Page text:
Kris Kristofferson biography
SynopsisBorn June 22, 1936, Kris Kristofferson started by selling his songs to singers Roger Miller and Johnny Cash. His own second album (1971) was a hit, with songs like "Help Me Make It Through The Night" and "Me and Bobby McGee." He then turned to film acting
Born on June 22, 1936 in Brownsville, Texas. Son of a military officer, Kristofferson was equal parts intellectual and athlete growing up. He was an award-winning short story writer as well as a Golden Gloves boxer. He graduated from Pomona College in 1958 with a degree in creative writing and went on to attend Oxford University as a Rhodes Scholar. While in England, he performed under the name Kris Carson, playing country and folk music.
After leaving Oxford, Kristofferson joined the United States Army in 1960. He served as a helicopter pilot in Germany. He turned down a teaching position at West Point to pursue his dream of becoming a successful songwriter.
Hits As a Songwriter and Singer
Moving to Nashville in 1965, he struggled and took odd jobs to cover the bills, including one working as a janitor at Columbia Records. His first big break came from Roger Miller who recorded Kristofferson's song "Me and Bobby McGee." (This same song was later a rock hit for Janis Joplin in 1971.) The next country star to fall for Kristofferson's music was Johnny Cash. Cash took Kristofferson's song "Sunday Morning Coming Down" and helped make it a big hit. The song was popular with country fans and critics alike, winning the Country Music Association's song of the year award in 1970. Along with writing successful songs for others, he released his first album, Kristofferson, that same year.
While his first album wasn't a huge commercial success, Kristofferson scored with his next effort "Silver Tongued Devil and I" (1971) with his own version of the song "Loving Her Was Easier." He received two Grammy nominations for best song for "Help Me Make It through the Night" and "Me and Bobby McGee" and a nomination for best country song for "For the Good Times" in 1971. In the rest of 1970s continued to a productive, prosperous time for Kristofferson. In 1973 he married singer Rita Coolidge. The two received a Grammy award that same year for best country vocal performance by a duo for "From the Bottom to the Bottle." They won the same award two years later for "Love Please."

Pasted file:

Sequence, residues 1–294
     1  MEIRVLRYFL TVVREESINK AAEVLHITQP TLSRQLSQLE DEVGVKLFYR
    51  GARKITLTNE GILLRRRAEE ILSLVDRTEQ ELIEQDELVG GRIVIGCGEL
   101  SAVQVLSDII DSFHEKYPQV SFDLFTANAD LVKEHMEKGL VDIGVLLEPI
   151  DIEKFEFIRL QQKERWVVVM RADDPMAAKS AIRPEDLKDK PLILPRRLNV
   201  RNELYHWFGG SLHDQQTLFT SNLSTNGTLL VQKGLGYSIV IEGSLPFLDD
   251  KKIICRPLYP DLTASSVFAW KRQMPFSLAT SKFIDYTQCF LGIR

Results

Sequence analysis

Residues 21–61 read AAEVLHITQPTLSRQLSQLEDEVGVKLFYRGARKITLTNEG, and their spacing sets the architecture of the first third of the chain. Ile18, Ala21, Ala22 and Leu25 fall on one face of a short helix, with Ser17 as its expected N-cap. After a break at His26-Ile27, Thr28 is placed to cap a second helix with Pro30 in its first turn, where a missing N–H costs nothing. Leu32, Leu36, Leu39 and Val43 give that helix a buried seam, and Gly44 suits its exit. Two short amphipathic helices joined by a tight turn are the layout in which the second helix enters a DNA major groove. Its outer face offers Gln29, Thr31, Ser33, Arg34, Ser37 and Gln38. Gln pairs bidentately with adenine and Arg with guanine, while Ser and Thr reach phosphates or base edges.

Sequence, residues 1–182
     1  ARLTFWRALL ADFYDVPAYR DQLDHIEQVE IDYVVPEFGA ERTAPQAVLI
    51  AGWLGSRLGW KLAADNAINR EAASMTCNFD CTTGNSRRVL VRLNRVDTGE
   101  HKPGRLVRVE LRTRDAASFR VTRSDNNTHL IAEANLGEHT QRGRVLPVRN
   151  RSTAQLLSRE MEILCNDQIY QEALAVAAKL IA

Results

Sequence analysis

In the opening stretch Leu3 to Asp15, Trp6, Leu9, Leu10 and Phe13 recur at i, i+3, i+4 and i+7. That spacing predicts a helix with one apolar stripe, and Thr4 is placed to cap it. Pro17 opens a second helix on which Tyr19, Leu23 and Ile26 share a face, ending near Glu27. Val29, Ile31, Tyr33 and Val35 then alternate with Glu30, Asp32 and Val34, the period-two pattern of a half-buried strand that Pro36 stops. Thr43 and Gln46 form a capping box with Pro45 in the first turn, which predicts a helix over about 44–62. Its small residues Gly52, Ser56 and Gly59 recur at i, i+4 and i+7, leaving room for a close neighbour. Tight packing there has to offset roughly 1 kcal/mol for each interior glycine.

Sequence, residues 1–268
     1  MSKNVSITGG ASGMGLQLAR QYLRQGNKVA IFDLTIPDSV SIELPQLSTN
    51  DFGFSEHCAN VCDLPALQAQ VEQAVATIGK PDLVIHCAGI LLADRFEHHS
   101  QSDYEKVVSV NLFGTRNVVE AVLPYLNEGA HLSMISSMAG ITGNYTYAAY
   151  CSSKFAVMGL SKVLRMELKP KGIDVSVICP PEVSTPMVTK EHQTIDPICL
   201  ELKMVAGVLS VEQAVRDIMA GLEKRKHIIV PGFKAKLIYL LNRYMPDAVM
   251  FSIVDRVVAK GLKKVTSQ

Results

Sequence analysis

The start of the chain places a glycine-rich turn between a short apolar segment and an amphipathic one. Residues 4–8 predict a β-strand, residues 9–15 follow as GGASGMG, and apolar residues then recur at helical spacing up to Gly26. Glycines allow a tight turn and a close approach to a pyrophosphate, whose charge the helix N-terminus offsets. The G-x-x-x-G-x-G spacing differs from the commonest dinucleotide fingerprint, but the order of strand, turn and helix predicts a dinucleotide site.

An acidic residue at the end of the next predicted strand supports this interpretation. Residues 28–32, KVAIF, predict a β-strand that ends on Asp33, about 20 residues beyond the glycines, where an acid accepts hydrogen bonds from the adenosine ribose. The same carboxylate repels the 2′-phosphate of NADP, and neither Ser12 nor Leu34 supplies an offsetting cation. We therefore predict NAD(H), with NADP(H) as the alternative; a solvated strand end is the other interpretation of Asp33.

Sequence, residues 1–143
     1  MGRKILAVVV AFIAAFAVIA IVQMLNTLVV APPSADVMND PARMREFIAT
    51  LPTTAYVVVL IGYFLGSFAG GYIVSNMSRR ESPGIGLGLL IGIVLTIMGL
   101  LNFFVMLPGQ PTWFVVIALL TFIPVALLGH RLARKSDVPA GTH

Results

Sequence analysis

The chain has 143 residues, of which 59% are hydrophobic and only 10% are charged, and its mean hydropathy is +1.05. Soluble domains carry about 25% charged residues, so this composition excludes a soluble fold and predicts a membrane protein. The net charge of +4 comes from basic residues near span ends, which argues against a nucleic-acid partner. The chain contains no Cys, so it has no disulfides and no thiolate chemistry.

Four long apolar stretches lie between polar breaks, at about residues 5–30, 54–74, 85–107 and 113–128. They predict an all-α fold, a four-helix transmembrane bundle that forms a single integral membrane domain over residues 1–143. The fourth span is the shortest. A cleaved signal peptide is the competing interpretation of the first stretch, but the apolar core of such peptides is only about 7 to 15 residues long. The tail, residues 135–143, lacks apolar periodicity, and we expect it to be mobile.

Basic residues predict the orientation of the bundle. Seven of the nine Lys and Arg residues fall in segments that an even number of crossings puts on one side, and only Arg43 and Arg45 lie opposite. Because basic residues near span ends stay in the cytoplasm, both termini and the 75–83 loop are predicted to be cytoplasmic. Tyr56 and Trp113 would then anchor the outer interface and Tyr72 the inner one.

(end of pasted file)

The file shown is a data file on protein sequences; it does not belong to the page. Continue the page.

Kristofferson also found success as an actor, especially in roles that played off his outlaw image. After a small part in The Last Movie (1971), he had his first major film role in Cisco Pike (1972) and went on do more than 50 films. Two of his most notable roles were in 1974's Alice Doesn't Live Here Anymore and 1976's A Star Is Born, in which he starred opposite Barbra Streisand. Playing the part of a self-destructive musician, Kristofferson earned critical acclaim as well as a Golden Globe Award for his performance.
Over the years, he has worked with many top directors, including Sam Peckinpah, John Sayles, and Martin Scorsese.
For all of his accomplishments, Kristofferson had his share of personal and professional struggles. He has battled a problem with alcohol and his marriage with Coolidge ended in divorce in 1979. He starred in Heaven's Gate (1980), considered one of the biggest flops in movie history. After taking a break for a while, a renewed Kristofferson joined forces with fellow country music greats Johnny Cash, Waylon Jennings, and Willie Nelson as a member of the Highwaymen. This group of country superstars released four albums: Highwayman (1985), Highwayman 2 (1990), Live! (1992), and The Road Goes On Forever (1995). As a solo performer, he released several albums, including Repossessed (1986) and Third World Warrior (1988), which both showcased the songwriter's views on political and social issues, such as the U.S. military involvement in Central America.
In the 1990s, he took an eclectic mix of film roles, from the tough sheriff Charlie Wade in Lone Star (1996) to Abraham Whistler in Blade (1998). Far removed from his leading man days of the 1970s, Kristofferson has evolved into a strong character actor. He continues to act in a variety of films, ranging from the family-friendly horse drama Dreamer: Inspired by a True Story to the dark thriller The Jacket. He has even lent his distinctive gravelly voice to the video game Gun.
With his film work often overshadowing his musical talents, this living legend finally received his due in 2004 when he was inducted to the Country Music Hall of Fame. In 2006, Kristofferson released This Old Road, his first studio album in eleven years. Billboard magazine selected it as a critic's choice. He also released the album Live at Austin, Texas that same year.
While he has yet release a new studio album since then, Kristofferson has very active in film. He has appeared in Fast Food Nation (2006), Disappearances (2007), The Wendell Baker Story (2007), and Beer for My Horses (2008). Kristofferson also served as the narrator for Todd Haynes' offbeat film on Bob Dylan, I'm Not There (2007). In 2009, the multitalented performer was in the romantic comedy He's Just Not That Into You starring Jennifer Aniston.
Kristofferson lives in Hawaii with his third wife Lisa and three youngest children. He has three children from his earlier marriages: Tracy and Kris with first wife Fran Beir, and Casey from his marriage to Rita Coolidge.